All Souls’ Night – Hugh Walpole
Valancourt Books – 2016 (Originally published 1933)
Hugh Walpole was a very popular author of fiction about 90 years ago, but he’s not very well remembered anymore. This book was published during the author’s lifetime, and unlike many of the short story collections by old dead guys that I write about, this is not a ‘best of’ or ‘collected supernatural works of’ collection. It’s just a bunch of stories that the author wrote at around the same time (assumedly between 1928, when his previous collection of stories was published, and 1933). All Souls’ Night was recently reissued by Valancourt books, so it is likely one of the author’s better works.
Valancourt market this as a collection of macabre tales, and while I suppose there are enough spooks in here to warrant doing so, quite a few of these stories have nothing of the macabre or supernatural in them. The non-creepy stories are well written, and I enjoyed a few of them, but in honesty, they left me with no desire to seek out more of Walpole’s work.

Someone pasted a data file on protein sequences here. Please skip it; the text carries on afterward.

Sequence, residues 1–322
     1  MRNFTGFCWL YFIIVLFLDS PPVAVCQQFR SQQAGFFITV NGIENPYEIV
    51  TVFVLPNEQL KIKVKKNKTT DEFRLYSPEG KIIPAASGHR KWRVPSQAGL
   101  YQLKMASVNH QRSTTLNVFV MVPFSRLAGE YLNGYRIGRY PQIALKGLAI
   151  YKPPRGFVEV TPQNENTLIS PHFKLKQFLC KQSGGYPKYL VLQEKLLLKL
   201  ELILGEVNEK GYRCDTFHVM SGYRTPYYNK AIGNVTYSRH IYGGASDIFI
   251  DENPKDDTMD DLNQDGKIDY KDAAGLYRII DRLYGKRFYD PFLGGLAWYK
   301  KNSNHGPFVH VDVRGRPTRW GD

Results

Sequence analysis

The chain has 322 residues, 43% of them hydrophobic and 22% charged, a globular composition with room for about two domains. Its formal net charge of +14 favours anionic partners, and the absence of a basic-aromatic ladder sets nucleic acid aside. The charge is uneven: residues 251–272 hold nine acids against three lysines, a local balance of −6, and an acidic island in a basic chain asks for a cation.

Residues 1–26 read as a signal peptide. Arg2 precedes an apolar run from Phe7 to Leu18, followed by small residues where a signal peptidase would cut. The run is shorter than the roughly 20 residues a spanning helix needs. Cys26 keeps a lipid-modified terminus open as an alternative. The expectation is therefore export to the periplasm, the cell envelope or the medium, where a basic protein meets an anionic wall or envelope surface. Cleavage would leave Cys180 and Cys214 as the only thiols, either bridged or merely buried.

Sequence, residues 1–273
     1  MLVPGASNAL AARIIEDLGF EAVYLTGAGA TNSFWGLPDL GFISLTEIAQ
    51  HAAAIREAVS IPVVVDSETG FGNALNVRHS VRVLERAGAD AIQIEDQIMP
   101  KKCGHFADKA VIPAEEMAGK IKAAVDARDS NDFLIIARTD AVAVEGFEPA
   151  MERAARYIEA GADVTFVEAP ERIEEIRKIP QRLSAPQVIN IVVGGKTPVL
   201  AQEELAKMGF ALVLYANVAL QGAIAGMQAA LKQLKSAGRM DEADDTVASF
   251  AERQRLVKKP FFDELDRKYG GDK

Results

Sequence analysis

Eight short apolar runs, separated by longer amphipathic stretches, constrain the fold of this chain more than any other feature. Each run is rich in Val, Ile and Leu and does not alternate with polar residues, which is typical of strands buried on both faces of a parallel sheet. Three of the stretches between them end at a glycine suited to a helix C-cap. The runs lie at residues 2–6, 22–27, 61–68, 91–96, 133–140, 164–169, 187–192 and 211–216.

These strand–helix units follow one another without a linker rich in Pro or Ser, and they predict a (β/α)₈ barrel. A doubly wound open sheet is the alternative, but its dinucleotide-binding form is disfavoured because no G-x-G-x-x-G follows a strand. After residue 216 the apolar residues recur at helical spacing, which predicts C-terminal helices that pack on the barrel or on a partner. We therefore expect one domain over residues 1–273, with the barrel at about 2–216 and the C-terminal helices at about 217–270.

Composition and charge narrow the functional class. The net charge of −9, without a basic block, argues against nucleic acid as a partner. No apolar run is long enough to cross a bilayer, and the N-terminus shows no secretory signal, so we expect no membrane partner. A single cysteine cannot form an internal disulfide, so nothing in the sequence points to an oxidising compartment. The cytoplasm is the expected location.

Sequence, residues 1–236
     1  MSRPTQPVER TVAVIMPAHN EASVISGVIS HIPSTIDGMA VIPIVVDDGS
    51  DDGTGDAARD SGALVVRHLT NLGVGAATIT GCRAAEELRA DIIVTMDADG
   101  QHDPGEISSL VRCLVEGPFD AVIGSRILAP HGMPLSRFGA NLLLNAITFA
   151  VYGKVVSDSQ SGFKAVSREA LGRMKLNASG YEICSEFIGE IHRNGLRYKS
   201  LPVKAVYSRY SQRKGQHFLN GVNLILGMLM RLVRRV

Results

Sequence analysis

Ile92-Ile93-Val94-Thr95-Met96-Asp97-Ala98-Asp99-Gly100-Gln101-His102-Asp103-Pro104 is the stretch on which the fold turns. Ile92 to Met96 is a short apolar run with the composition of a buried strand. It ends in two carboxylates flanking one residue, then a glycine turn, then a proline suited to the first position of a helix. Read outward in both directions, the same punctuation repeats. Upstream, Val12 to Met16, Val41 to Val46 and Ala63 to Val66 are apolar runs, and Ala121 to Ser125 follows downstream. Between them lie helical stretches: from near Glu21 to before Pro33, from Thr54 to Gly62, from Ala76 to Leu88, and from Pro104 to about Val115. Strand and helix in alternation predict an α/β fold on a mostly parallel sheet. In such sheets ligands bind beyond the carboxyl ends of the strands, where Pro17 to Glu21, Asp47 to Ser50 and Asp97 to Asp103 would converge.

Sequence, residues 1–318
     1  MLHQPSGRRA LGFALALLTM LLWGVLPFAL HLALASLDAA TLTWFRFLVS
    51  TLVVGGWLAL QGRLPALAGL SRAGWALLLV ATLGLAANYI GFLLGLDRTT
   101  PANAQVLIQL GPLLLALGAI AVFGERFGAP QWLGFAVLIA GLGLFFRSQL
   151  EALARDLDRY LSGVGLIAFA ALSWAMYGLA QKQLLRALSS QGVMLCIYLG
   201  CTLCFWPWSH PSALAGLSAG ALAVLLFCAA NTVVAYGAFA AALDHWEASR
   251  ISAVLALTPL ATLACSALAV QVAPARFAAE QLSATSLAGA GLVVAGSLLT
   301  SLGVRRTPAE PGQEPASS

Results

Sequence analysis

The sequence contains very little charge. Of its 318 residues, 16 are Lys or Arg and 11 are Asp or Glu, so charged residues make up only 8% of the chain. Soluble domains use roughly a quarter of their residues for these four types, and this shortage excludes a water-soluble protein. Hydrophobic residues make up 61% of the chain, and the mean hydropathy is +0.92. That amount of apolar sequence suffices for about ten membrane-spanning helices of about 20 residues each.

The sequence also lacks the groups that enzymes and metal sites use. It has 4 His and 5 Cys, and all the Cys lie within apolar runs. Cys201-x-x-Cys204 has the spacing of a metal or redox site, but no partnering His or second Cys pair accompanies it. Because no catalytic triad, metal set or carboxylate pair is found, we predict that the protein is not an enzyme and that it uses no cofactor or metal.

The creepy stories are quite good. There is a different collection of Walpole’s collected supernatural stories that was published posthumously, and I think I probably would have enjoyed that collection a little more than this one. However, the fact that All Souls’ Night was selected for republication over Walpole’s other short story collections suggests that it contains the author’s best ghost stories. These were well-written, enjoyable tales, but if they are the author’s best works, I don’t feel any great need to seek out his lesser stuff.
I feel a bit mean writing this review. This is an interesting collection. Walpole was gay, and while his work doesn’t describe explicitly homosexual acts, it is quite gay at times. (I mean that with total respect. Read the book and I’m sure you’ll agree.) This collection was published in the 30s too, so it’s likely very interesting to historians of queer fiction. (That’s not to say that it won’t be interesting/enjoyable for others too.) I wasn’t blown away by All Souls’ Night, but reading it wasn’t an unpleasant experience. It just wasn’t really my thing.
One of the reasons I decided to check this out was the author’s name. I assumed that he was some relation of Horace Walpole, the author of The Castle of Otranto, the first Gothic novel. Hugh’s wikipedia page confirmed that the two were related, but it didn’t give the precise details. After a bit of sleuthing, I figured out that Horace’s Great Grandfather was Hugh’s great great great great grandfather. I’m not sure if that makes Horace Hugh’s great great great uncle, second cousin thrice removed or something else.